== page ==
Author Contributions:Study concept and design: Nguyen, Bassez, Laforêt, Urtizberea, Figarella-Branger, Romero, Attarian, Pouget, Lévy, and Eymard. Acquisition of data: Nguyen, Bassez, Krahn, Bernard, Labelle, Figarella-Branger, Attarian, Leturcq, Pouget, and Lévy. Analysis and interpretation of data: Nguyen, Bassez, Krahn, Figarella-Branger, Pouget, Lévy, and Eymard. Drafting of the manuscript: Nguyen, Bassez, Labelle, Attarian, Leturcq, and Lévy. Critical revision of the manuscript for important intellectual content: Nguyen, Krahn, Bernard, Laforêt, Urtizberea, Figarella-Branger, Romero, Attarian, Pouget, Lévy, and Eymard. Administrative, technical, and material support: Nguyen, Bassez, Krahn, Bernard, Labelle, and Leturcq. Study supervision: Nguyen, Laforêt, Urtizberea, Figarella-Branger, Romero, Attarian, Pouget, Lévy, and Eymard.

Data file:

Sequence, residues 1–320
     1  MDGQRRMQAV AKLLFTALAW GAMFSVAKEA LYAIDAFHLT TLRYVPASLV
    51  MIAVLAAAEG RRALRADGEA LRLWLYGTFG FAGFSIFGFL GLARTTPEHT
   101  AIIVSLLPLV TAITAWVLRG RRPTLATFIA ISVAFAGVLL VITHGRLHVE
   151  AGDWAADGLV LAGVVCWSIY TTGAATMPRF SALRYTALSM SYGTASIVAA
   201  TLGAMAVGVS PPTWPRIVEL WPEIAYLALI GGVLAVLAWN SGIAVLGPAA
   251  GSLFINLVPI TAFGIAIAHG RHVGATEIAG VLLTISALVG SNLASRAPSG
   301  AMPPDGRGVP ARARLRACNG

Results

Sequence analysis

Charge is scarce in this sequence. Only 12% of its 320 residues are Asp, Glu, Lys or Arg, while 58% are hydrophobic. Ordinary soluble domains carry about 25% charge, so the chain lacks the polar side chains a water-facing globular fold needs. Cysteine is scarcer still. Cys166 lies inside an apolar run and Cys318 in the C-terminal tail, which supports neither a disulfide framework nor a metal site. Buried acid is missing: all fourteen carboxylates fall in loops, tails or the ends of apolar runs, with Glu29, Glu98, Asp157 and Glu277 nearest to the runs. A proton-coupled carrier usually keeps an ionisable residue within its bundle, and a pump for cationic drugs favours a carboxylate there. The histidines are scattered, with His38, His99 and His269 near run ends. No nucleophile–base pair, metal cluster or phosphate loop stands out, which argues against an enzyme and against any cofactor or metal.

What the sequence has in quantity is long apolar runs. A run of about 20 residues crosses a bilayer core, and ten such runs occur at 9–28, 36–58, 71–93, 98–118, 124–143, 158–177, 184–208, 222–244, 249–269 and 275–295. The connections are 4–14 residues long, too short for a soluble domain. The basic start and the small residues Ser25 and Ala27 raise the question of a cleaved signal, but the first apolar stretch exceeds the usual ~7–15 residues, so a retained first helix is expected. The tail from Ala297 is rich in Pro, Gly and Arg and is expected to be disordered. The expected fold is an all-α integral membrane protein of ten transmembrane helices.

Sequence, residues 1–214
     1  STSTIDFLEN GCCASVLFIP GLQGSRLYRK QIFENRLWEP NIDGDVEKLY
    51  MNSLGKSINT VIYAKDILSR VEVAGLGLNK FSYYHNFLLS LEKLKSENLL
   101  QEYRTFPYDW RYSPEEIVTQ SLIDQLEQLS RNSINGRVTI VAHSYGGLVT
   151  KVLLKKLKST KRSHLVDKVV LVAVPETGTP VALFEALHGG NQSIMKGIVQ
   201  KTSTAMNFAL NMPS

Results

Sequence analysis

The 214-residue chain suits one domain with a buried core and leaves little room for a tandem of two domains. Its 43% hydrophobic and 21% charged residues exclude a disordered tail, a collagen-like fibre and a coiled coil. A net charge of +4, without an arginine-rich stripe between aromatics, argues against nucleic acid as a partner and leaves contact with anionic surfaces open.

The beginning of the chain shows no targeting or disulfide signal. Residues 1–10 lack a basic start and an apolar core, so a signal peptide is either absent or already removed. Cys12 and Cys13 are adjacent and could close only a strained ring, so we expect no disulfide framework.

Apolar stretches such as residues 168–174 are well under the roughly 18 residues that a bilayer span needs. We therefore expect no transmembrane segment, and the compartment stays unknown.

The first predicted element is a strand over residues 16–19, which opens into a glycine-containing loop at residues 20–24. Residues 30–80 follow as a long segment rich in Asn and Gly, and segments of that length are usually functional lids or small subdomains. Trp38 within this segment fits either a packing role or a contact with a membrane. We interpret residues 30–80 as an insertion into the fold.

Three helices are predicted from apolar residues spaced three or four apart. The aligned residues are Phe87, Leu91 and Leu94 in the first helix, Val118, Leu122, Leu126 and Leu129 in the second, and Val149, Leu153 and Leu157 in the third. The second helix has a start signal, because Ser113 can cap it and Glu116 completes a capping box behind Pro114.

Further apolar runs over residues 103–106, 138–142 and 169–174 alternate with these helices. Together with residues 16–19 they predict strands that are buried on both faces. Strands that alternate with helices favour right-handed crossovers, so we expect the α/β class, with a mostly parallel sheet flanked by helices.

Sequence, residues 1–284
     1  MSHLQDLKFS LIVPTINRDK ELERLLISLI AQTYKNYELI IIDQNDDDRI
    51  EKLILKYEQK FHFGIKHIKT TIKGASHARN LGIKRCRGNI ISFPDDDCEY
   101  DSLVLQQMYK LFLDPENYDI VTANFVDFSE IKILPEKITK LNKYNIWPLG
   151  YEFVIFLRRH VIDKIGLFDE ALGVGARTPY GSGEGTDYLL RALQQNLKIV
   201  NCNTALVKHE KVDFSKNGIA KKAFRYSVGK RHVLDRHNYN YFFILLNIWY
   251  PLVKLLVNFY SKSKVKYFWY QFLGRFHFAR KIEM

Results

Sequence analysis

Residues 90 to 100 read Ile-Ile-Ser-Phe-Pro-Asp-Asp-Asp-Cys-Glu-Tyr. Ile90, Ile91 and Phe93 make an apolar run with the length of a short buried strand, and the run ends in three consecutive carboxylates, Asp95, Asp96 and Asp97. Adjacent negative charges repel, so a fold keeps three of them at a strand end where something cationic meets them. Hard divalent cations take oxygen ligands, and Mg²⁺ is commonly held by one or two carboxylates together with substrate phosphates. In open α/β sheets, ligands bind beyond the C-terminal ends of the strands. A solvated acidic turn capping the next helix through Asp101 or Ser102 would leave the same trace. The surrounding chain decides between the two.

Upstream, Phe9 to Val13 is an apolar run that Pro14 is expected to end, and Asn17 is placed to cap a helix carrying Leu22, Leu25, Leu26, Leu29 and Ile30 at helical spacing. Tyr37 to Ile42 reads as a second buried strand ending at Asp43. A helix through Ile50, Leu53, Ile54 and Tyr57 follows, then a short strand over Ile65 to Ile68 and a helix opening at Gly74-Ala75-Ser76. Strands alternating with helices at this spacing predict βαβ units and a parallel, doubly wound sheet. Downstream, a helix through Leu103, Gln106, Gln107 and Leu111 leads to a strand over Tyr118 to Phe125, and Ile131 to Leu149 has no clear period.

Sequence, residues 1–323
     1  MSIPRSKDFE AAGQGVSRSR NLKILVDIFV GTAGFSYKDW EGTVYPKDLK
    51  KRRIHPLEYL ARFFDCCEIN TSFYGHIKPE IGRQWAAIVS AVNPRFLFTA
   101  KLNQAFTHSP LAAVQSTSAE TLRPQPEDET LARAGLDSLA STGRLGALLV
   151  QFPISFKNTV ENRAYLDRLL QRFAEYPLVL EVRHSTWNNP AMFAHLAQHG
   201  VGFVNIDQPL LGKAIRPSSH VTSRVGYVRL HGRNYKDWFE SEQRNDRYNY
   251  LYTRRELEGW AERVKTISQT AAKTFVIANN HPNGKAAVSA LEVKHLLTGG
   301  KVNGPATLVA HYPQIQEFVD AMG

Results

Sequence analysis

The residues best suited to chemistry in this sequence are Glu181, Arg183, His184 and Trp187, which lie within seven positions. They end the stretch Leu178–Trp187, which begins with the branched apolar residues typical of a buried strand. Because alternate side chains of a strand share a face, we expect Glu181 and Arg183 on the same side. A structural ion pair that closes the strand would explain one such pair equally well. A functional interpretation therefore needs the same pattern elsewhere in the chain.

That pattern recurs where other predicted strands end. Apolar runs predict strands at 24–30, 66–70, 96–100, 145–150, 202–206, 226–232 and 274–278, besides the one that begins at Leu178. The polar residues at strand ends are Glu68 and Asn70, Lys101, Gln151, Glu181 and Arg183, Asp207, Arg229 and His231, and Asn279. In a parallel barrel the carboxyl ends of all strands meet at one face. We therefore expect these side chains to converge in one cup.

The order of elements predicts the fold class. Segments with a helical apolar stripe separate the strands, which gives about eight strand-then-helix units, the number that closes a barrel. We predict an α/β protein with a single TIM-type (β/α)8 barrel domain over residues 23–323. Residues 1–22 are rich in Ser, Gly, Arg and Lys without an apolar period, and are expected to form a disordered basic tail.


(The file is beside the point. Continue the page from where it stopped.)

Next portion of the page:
Financial Disclosure: None reported.
Funding/Support: This study was supported in part by the Assistance Publique–Hôpitaux de Paris et Marseille; the French network for molecular exploration of neuromuscular disorders (grant DHOS/OPRC N 02707); and the Association Française contre les Myopathies.
Additional Contributions: Xavier Ferrer, MD, Françoise Chapon, MD, and Léonard Feasson, MD, provided help in clinical diagnosis; and Joanny Gouvernet, MD, assisted in the statistical analyses. All DNA samples were prepared and stored by the cell and DNA cores facilities of Genethon and the Cell and DNA bank of Marseille.